Shomshukla Das is an independent film director out of India who has been doing all she can to leave her mark on the film industry. With Picnic, she focused on bringing Shesher Kobita (The Last Poem) to life on the big screen while building on a portfolio that’s gathering some international acclaim along with it. During my interview with her, I was able to ask her about her career, her desire to be a filmmaker and a whole lot more.
Movie Picture Show: What made you want to take on the task of turning Shesher Kobita (The Last Poem) into a feature film?
Shomshukla Das: I was planning to write a romantic story and realized it is very difficult to write an intelligent romantic story. Thus being a Bengali and having read Rabindranath Tagore’s Shesher Kobita (The Last Poem), million times from childhood to adulthood, being the greatest romantic classic of all times, I decided to pick up this universal romantic story into today’s version of my story Picnic. Nothing can be better.
MPS: What or who was behind your desire to be a filmmaker?
Shomshukla: For any intelligent, driven Indian, it is always a dream to be Satyajit Roy, to be a filmmaker like him.
MPS: Can you talk about your theatrical background before you began making movies?
Shomshukla: My journey with theater started in 1995, when I began my journey by watching European experimental plays in Mumbai. Thus all these years the learning must have been seeping into my system unknowingly. Thus when I decided to move from my pop music career in India to something much more meaningful, I started initially by writing English poems and slowly it amalgamated in forming my theater company, Kali theater in 2006, November in Mumbai. My theater group allowed me to perform one of my plays to the world-famous Edinburgh fringe festival in 2011, We Draupadi’s and Sitas with 14 shows and 3 UK press reviews, raving about our performance.
MPS: Can you talk about what it’s like being a female film director and the experiences that have come with that?
Shomshukla: Being an independent and getting international recognition as a female film director, I think, these kind of recognition any female film director would be aiming for. I went to the Cannes Film Festival with my body of work, in 2 years, 2 completed feature films, nominated globally, the people associated to the film world appreciated me, thus the feeling is wonderful, productive and to add happy too.
MPS: The story in this film has a lot of different layers to it. What was your favorite aspect of the story?
Shomshukla: Picnic is an adaptation of Tagore’s Shesher Kobita (The Last Poem) , in it I wanted to retain the basic essence of Tagore, that is his highlight points, that life is a spiritual journey and love is eternal. As I did the original screen play, so I wanted to keep my style of expression as well, that is subtle humor and romanticism in daily life. More so, my dialogue usually contains psycho analysis, go deep inside human psyche. Most important aspect I wanted to retain is sophistication in language, thought and expressions.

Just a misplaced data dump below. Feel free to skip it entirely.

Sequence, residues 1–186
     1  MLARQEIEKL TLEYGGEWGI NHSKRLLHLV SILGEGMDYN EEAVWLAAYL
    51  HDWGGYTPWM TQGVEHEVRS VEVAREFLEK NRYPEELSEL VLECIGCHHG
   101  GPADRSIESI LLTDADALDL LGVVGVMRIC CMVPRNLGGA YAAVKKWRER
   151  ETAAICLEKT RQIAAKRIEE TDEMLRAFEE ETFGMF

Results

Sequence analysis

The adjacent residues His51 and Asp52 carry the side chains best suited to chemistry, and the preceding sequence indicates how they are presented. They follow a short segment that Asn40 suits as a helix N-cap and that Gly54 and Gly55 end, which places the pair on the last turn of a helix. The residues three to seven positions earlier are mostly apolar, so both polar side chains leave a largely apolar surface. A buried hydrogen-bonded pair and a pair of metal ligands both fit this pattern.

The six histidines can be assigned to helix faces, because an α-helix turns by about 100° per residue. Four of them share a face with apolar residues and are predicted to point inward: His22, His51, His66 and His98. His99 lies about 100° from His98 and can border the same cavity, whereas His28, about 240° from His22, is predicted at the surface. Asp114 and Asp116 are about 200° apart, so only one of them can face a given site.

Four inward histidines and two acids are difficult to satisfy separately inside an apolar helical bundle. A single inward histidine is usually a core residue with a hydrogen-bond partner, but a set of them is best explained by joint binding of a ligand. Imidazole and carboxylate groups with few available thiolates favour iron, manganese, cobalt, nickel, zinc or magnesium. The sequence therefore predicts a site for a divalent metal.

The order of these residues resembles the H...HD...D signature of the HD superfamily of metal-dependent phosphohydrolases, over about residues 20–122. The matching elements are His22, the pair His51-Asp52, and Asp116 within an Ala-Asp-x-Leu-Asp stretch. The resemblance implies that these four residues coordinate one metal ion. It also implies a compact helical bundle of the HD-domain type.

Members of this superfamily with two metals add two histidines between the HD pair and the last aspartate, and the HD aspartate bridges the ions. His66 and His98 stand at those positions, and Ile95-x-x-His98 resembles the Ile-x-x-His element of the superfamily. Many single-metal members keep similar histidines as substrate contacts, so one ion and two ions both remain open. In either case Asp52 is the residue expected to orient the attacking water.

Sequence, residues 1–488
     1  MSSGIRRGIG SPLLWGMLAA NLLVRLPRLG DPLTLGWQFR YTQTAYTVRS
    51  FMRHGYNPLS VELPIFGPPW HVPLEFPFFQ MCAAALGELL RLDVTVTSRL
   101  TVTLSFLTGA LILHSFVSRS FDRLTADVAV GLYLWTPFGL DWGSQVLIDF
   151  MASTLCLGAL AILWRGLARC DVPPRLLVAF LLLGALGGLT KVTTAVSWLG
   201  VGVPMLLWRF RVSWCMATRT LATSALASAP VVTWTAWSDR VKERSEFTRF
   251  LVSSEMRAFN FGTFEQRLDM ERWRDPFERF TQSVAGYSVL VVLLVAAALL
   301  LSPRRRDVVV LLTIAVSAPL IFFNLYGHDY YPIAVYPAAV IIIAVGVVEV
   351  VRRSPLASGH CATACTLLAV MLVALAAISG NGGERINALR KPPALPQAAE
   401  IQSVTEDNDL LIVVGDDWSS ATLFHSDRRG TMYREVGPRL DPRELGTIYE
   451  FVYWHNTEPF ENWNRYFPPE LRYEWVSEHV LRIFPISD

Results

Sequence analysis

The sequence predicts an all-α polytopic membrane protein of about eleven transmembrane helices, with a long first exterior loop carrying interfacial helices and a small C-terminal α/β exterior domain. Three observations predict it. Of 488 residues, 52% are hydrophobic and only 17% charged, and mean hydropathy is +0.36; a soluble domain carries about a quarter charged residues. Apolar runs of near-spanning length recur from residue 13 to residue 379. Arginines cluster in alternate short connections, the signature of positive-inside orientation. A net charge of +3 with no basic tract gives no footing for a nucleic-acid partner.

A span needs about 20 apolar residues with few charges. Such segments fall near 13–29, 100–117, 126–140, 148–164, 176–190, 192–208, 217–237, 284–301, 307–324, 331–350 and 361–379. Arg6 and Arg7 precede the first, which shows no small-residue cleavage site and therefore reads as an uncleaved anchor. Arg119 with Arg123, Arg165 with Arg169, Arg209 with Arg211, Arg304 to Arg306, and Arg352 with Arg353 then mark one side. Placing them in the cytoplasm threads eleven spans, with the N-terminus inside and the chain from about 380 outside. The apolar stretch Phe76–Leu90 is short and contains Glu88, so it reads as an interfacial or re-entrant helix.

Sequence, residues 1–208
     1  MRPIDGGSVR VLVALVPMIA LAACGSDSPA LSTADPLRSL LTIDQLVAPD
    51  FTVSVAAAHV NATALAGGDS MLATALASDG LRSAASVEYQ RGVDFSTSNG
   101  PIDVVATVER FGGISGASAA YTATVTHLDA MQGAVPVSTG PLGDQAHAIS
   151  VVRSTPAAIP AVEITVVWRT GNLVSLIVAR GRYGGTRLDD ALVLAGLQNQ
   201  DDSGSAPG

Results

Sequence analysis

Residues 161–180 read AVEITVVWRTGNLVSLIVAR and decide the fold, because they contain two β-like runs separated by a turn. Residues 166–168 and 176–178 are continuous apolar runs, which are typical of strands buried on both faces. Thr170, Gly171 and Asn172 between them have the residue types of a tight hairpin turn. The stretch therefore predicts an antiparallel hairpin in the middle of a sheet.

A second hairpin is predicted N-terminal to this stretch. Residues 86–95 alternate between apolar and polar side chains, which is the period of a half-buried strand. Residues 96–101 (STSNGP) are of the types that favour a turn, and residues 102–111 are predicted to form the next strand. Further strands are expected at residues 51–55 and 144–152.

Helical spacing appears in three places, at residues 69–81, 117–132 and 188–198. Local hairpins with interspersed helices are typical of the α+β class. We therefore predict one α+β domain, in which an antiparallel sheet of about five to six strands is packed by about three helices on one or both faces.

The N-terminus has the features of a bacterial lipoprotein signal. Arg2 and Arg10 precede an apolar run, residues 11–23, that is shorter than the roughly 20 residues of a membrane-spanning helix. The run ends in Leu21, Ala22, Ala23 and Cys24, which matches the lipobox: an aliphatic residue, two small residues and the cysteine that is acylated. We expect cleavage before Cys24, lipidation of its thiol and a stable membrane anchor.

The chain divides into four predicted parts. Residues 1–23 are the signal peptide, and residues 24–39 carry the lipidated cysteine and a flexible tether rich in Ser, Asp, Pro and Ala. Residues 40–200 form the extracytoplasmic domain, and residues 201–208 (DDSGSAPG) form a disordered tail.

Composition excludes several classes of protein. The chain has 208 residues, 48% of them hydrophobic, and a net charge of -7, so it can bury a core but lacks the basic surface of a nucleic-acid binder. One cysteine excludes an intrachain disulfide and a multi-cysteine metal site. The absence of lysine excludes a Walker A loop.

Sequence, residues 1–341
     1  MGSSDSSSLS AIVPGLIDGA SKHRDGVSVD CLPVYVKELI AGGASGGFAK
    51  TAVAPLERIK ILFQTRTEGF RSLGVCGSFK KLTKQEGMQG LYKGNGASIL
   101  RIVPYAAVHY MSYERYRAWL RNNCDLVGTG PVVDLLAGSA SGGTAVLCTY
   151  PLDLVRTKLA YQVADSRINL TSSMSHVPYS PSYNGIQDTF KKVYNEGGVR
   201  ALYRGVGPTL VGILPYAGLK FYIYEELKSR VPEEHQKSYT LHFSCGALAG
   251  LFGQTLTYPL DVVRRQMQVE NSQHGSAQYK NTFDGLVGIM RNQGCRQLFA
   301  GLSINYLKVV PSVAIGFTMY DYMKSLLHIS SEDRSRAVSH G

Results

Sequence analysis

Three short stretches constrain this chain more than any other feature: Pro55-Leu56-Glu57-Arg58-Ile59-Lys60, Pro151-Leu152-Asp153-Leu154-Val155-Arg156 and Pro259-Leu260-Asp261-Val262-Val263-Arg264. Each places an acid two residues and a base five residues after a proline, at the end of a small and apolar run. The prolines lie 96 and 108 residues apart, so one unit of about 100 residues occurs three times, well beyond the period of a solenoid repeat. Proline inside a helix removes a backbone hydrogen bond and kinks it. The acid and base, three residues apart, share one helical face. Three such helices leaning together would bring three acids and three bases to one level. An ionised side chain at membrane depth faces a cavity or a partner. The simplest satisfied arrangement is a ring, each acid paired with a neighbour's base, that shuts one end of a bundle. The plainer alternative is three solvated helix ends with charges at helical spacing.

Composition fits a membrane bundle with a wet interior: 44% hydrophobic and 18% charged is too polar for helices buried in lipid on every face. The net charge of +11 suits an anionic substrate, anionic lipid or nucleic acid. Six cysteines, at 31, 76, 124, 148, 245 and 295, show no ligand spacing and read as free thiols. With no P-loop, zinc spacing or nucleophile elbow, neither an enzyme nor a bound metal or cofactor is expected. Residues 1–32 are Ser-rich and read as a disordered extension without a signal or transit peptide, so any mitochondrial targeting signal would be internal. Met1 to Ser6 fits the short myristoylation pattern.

MPS: You’ve worked with Shahana Chatterjee before with Sandcastle. Can you talk about your relationship with her?
Shomshukla: With Shahana Chatterjee I have a wonderful work and personal relationship, because I always believe, the team should be able to understand me and me too, as, until one doesn’t build a feeling of trust, transparency, and honesty, one cannot work.
MPS: Did you feel any pressure making this film after you experienced the critical success of Sandcastle?
Shomshukla: As is an independent film director, I cannot create and imagine pressure around me. Picnic is a culmination of the successful creative work of Sandcastle, which happened naturally.
MPS: How did all of your previous experience help you when making the transition into film?
Shomshukla: I started my career as a pop singer and in that career I had to act in music videos. When the music video directors, used to create story around a song and create a video, I observed their journey. Thus I used to wonder why not one day I shoot feature film.
MPS: What’s the best advice you can give to people who aspire to one day write and/or direct movies?
Shomshukla: Be focused, believe in one, and just do it. That is all I can say.